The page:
The UK’s Christmas ad season is upon us – TBWA/London’s CSO Sandie Dilger looks at the campaigns attempting to go their own strategic way.
Wizzard famously wished it could be Christmas everyday and their wishes may very well have come true if they worked in on a retail account in advertising. Far from being confined to one day, Christmas ad development is an evergreen pursuit.
2022 sees an extra circle appear in the Venn diagram that forms most of these briefs. The usual, “Christmas joy” meets “buy our products” is joined by “acknowledge the chaos of our current reality”.
But rather than dish out the plaudits to the strategists or creative teams who have managed to find a new take on Christmas joy (which is, in itself, no mean feat, and some have done it excellently this year), I wanted to call out those who have disrupted the traditional Christmas brief and who have instead forged new paths to cut through at Christmas.
With this in mind, there are four brands on this strategy Santa’s nice list.
John Lewis: The Beginner
And would it be a nice list if it didn’t involve John Lewis? Not this year. There’s so much to love about this. But whilst many are lauding it for its ‘back to basics’ executional approach and storytelling, there’s a strategic shift in this year’s work that must not have been easy to make given the tried and tested success of ‘thoughtful giving’.
The shift to ‘doing’ not ‘giving’ and their resultant brand action reads the room brilliantly and I imagine will pave the way to lots of new and interesting ways of doing John Lewis’ classic storytelling at its best.
Aldi: Kevin the Carrot left at home
My very own version of ‘the nightmare before Christmas ads’ involved an anthropomorphic carrot giving advice on how to save money this Christmas. Thankfully, the UK’s favourite discounter (at least for its first instalment) has eschewed the whole Christmas joy on a budget minefield and instead put its eggs (or carrots) in the basket of the other big winter event of 2022, the World Cup.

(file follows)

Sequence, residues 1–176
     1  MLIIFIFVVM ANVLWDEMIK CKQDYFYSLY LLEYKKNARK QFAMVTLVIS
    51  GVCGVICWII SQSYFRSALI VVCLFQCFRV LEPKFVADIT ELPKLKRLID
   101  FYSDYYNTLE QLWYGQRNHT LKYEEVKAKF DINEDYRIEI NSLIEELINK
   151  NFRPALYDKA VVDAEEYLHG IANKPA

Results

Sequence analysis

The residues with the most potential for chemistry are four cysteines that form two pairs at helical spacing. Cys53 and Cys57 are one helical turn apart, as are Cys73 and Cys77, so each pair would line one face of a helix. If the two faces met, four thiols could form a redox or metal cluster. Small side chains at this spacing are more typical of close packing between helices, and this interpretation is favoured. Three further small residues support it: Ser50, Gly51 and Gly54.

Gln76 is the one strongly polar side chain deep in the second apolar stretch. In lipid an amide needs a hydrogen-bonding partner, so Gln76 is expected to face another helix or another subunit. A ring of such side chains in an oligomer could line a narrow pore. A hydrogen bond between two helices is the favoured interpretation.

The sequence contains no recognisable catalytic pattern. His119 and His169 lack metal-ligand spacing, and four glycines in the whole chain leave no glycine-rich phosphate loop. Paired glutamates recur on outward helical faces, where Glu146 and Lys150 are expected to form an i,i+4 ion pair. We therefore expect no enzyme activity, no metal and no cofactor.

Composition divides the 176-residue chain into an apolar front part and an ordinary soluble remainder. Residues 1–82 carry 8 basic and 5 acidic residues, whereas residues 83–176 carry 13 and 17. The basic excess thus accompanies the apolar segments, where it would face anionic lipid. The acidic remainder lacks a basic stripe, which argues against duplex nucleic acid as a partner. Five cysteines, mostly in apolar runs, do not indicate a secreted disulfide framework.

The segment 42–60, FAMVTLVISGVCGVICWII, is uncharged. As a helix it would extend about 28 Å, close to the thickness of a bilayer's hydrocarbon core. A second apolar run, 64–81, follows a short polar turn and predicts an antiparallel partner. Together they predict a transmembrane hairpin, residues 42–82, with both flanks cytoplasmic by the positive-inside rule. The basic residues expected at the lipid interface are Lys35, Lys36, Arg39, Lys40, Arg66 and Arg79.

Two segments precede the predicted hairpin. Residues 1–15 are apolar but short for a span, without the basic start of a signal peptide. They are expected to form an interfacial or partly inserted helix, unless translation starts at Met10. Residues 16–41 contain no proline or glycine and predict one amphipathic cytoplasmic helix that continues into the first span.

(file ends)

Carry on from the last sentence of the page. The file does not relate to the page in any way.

Strategically disruptive, yes, but also (I predict), highly commercially effective, as when I think ‘shopping for a world cup gathering’, it will be Aldi that springs to mind.
Asda: Have your Elf a Merry Christmas
Much has been made of the feat of production which is the integrating of existing footage of Buddy the Elf into an ASDA store. The punter in me loves this ad, but the strategist loves it even more.
Some of my absolute favourite supermarket advertising came from ASDA in the mid-2000s when celebs such as Ian Wright, Victoria Wood and Paul Whitehouse all worked in various departments of an ASDA store. As a result, I’ve always believed that ASDA staff are a nice, hospitable bunch. Is there a better time to remind us of the quality and friendly nature of their employees than in 2022 when all we read about is staff shortages?
Equally, what a better time for a big supermarket to get behind and motivate their people with pride in what they do. If the green gilet is good enough for Buddy the Elf….
Sainsbury’s: Once Upon a Pud
Finally, a tip of the Santa hat to Sainsbury’s who plumped (I’m sorry!) for some good old-fashioned product advertising. Their strategy puts their Taste the Difference range front and centre in the form of a rather untraditional salted caramel pudding.
My Mum has already added one of these to the virtual trolley and I bet they sell shed loads of these.
So yes, the snowman brings the snow and yes Santa brings the sleigh but this year, I’m going to let the bells ring out for those who’ve disrupted the traditional Christmas ad narrative.
More to come as the festive blizzard continues…